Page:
Lawyers in a second Guantanamo Bay detainee case filed a plea in federal court in Washington Monday, asking that the Central Intelligence Agency be ordered to explain destruction of two tapes showing aggressive questioning of detainees. In a motion filed with U.S. District Judge Richard W. Roberts in the case of Abdullah v. Bush (docket 05-23), the attorneys said that they had notified the CIA directly of the judge’s order forbidding destruction of potential evidence in July 2005 — four months before agency officials ordered the destruction of the tapes.

The new motion can be found here; a copy of the letter to the CIA, found here, was attached as an exhibit to the motion.  The attorneys said they expected the Justice Department to oppose the request for a “report on compliance” with Judge Roberts’ 2005 order (download here).

Although congressional committees, the Justice Department and the CIA are all pursuing investigations into the tapes’ destruction, the actions in federal court — the first was filed just after midnight Sunday — appeared to be moving much faster. Judge Roberts and the judge who received the first challenge, Judge Henry H. Kennedy, Jr., were expected to get prompt replies from the Justice Department.  (UPDATE Wednesday Dec. 12: Judge Kennedy has ordered the government to respond by Friday.)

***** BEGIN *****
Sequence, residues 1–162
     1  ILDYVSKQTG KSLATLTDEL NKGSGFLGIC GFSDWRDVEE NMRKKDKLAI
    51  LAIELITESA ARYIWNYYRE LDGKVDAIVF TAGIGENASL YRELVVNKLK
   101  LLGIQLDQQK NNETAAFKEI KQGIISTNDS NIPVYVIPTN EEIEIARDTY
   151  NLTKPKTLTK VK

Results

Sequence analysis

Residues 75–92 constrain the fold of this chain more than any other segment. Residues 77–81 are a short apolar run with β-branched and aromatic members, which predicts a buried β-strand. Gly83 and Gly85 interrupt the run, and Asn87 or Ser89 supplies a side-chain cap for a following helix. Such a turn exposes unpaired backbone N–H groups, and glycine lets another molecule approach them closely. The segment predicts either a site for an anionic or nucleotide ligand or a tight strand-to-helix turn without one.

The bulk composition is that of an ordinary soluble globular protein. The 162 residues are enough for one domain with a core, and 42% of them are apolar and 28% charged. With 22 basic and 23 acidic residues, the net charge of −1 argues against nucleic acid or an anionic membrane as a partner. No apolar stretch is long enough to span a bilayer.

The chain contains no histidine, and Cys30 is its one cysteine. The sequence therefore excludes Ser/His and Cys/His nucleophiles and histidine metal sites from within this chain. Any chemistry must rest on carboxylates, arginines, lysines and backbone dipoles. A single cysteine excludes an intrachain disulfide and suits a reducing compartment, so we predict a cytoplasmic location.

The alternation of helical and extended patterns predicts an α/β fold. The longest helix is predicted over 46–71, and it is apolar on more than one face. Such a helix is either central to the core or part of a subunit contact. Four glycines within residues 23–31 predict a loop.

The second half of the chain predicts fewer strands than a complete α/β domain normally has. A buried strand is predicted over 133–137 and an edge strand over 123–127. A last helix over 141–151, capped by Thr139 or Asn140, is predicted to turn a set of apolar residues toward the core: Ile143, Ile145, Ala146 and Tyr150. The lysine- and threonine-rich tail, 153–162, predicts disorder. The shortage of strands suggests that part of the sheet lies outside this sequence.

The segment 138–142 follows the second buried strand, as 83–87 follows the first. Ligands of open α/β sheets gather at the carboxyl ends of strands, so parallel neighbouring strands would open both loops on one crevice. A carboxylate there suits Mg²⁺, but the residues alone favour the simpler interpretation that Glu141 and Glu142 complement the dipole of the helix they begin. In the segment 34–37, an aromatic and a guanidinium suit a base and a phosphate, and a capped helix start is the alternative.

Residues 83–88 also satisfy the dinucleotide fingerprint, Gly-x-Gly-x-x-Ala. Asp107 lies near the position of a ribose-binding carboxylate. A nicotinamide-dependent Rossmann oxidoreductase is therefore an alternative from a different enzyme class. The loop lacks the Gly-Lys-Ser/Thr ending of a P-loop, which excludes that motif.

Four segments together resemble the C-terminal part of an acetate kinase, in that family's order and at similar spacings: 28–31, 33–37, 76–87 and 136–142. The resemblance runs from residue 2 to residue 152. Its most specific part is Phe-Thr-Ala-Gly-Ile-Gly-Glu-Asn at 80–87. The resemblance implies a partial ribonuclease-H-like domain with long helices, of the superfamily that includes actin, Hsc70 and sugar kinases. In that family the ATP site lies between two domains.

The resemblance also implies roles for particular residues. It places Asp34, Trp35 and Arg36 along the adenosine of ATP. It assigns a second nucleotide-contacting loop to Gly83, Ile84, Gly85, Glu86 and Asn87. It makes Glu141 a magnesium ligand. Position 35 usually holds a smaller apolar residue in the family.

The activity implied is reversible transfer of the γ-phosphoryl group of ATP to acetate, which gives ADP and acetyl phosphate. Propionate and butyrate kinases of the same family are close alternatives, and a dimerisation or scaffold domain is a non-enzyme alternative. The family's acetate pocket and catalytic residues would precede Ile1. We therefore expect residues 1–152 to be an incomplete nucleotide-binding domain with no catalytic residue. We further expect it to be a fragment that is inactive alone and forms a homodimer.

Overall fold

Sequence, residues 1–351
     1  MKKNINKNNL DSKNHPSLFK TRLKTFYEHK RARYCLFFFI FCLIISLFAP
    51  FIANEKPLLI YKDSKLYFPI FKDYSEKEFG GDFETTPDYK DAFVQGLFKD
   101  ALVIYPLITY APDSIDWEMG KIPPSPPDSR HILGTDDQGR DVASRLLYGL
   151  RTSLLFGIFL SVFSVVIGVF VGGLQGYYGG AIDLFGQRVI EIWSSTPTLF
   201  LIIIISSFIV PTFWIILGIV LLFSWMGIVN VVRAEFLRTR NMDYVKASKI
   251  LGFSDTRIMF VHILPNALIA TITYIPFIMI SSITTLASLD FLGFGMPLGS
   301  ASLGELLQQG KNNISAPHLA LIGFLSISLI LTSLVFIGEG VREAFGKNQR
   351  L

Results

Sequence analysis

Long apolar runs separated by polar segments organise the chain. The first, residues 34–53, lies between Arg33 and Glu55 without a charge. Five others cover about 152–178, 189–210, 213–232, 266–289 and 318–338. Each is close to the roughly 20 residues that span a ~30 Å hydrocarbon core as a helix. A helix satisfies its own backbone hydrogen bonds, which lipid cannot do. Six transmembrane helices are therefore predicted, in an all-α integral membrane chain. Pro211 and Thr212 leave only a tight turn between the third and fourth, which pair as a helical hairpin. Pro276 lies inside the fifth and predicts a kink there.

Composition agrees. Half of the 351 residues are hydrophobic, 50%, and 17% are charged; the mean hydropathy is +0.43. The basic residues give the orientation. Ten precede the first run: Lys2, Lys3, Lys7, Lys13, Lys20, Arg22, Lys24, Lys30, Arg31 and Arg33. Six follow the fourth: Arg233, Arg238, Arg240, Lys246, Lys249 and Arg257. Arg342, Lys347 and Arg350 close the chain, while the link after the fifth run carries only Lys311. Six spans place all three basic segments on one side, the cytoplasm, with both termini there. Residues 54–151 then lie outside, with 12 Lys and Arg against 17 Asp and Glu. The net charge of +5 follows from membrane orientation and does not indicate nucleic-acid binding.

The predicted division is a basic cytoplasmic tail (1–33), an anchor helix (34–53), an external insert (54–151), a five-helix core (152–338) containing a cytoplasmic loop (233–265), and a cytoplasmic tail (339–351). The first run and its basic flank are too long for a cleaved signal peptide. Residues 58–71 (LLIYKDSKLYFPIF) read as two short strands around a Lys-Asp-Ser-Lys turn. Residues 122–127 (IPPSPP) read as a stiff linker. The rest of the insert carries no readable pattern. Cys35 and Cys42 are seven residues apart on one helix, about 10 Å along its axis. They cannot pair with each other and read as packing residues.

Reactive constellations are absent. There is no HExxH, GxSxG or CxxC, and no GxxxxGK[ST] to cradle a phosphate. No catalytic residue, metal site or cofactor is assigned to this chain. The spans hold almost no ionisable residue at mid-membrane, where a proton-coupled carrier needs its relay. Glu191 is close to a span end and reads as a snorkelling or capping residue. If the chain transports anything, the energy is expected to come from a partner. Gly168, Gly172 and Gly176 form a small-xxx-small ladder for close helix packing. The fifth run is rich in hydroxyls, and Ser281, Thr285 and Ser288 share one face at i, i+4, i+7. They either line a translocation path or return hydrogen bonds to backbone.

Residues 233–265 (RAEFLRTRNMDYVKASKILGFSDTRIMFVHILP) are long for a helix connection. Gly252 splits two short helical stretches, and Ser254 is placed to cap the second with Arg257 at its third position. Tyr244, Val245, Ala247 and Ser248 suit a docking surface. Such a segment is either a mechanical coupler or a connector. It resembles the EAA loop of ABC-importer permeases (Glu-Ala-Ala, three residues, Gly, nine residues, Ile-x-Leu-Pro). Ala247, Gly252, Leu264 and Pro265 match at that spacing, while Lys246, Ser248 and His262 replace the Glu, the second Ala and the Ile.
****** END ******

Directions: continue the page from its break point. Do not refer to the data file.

In the Abdullah motion filed Monday (and cleared for release in the afternoon), argued that “inquiry into the scope of this likely spoliation of evidence should best come from the Court rather than from [Justice Department] counsel seeking ‘assurances’ from the very agency which has confessed to destruction of evidence.”

The attorneys reminded Judge Roberts that they had complained of government “illegal behavior” — “including destruction of evidence” — before he issued his evidence-preservation order.  “Out of an abundance of caution,” the attorneys recalled, they sent the order to the CIA on July 22, 2005.

According to news accounts in recent days, the CIA decided internally to destroy the two tapes in November 2005.

In asking Judge Roberts to order a compliance report, attorneys for Abdullah also requested that CIA officials and any official of other agencies “who has personal knowledge of all evidence potentially subject to the Court’s preservation order” be made available for questioning at a hearing — “subject to such security procedures as the Court may deem justified.”

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